The Minister’s announcement that there would be no pay cuts for civil servants makes no economic sense at all. Why should this group of employees be so kindly treated when their employment is virtually guaranteed unlike those in the private sector?

Keep in mind that Fiji’s public health system, which has been creaking at the joints, is going to need a massive boost in finances to ensure that it is prepared for any crisis that comes, with sufficient ICU units, beds, testing equipment and kits, medication, and trained personnel, who can be temporarily boosted from the nursing schools and FSM. Government might also need to provide a modest daily living allowance for people who have lost their jobs and livelihoods (how manage this will be a nightmare).

Both will cost a minor fortune.

It is a national tragedy that the Fiji Government has already inflated the Public Debt to unmanageable levels because of hasty, massive infrastructure spending without the appropriate cost:benefit analyses that should have been done more than six years ago (which some of us economists warned about then, to no avail).

Nevertheless, if the loans are given at low enough interest rates, Government can borrow from available sources such as ADB and Word Bank even if it increases Fiji’s Public Debt further.

But most importantly and however unpopular, Government must increase both direct taxes and indirect taxes to make sure that the burdens are shared equitably in society by the current generation and not just passed on to the next generations.

The overall principle should be that those who have more should take more of the burden.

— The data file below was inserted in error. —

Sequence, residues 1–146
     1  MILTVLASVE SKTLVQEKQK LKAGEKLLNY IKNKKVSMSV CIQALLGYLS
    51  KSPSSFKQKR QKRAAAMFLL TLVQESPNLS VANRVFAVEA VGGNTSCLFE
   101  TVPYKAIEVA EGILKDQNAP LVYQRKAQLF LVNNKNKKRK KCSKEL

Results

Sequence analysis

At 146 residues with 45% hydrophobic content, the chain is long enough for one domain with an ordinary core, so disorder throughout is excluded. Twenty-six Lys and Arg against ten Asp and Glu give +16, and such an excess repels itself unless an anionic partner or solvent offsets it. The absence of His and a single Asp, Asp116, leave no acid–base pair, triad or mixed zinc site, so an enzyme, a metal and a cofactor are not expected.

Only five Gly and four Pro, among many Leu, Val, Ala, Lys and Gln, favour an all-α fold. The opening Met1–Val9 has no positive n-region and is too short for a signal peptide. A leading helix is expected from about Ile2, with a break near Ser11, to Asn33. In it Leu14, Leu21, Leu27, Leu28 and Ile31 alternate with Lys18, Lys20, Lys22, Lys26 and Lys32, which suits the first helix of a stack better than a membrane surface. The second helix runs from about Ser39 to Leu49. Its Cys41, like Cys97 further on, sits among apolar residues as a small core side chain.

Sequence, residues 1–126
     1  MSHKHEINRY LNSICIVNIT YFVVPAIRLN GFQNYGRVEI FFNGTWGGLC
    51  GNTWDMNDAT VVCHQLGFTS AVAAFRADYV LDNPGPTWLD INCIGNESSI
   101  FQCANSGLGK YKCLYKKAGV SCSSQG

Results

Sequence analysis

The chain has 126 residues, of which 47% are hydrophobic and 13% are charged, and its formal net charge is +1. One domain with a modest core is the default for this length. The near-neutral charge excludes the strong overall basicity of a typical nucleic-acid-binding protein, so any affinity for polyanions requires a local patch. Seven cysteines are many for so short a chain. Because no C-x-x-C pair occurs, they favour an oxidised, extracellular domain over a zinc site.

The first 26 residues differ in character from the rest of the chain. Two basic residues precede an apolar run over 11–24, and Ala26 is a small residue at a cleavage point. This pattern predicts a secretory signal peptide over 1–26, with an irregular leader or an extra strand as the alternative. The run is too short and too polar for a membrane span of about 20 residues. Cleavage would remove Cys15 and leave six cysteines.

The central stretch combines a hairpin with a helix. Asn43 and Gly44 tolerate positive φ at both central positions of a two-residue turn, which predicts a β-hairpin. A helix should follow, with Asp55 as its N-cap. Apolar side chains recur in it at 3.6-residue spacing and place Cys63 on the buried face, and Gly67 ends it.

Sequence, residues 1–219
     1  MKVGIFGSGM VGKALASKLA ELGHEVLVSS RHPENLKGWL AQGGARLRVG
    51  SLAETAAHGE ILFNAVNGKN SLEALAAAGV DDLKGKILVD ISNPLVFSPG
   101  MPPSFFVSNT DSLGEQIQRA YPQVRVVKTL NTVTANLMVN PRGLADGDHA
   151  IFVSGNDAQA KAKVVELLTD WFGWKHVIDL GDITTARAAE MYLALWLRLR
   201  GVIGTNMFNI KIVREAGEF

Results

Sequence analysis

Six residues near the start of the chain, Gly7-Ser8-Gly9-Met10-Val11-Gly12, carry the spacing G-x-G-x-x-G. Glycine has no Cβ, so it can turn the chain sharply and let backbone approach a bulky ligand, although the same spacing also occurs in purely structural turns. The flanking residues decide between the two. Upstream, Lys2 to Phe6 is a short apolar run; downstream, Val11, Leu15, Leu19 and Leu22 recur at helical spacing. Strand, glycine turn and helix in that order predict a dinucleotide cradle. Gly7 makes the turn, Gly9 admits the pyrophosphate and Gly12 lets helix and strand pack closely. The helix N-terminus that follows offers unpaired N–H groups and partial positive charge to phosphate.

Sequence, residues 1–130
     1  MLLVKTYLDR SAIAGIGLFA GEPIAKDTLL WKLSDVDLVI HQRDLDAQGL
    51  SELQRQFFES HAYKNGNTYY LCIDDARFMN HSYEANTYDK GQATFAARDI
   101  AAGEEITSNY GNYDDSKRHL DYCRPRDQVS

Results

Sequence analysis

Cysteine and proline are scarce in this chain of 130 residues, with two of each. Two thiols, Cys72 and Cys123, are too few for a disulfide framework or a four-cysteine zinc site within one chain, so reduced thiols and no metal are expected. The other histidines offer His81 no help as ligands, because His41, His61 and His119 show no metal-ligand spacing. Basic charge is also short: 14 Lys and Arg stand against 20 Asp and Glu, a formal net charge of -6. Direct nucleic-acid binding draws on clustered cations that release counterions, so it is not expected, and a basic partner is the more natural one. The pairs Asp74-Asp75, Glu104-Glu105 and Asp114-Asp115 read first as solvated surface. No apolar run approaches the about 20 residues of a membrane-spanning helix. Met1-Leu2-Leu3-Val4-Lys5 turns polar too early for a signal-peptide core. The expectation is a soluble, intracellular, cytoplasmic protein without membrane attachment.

On the direct taxes side, all employees can pay an additional COVID-19 tax, with a higher percentage at the top end of incomes, and all corporations can pay a COVID-19 surcharge in addition to their normal taxes, with a higher tax rate for large corporations.

On the indirect taxes side, Government can consider imposing a COVI-19 Import Duty surcharge on non-essentials, to raise some additional revenues and to discourage unnecessary drain on our already struggling foreign exchange revenues.

All these COVID-19 tax measures can then be dispensed with when normalcy returns without requiring any contortions of government policies and special interest schemes which have been currently put in place.

To work out the details of the above proposals and the many others that will no doubt be suggested, the Bainimarama Government must eat humble pie and draw on the considerable expertise that is available in Fiji from the Opposition Political Parties as well as the private and NGO sectors (and from former Governor of the RBF, Savenaca Narube) who has written an excellent article in today’s Fiji Times (4/4/2020).

In Australia, the Opposition Parties have all promised full apolitical cooperation to get the Morrison Government’s Stimulus Package passed next Wednesday, and it would seem that the Australian population have also finally realized the severity of the COVID-19 crisis and are cooperating.

Fiji is yet to even see the full brunt of the coronavirus crisis, which hopefully never comes.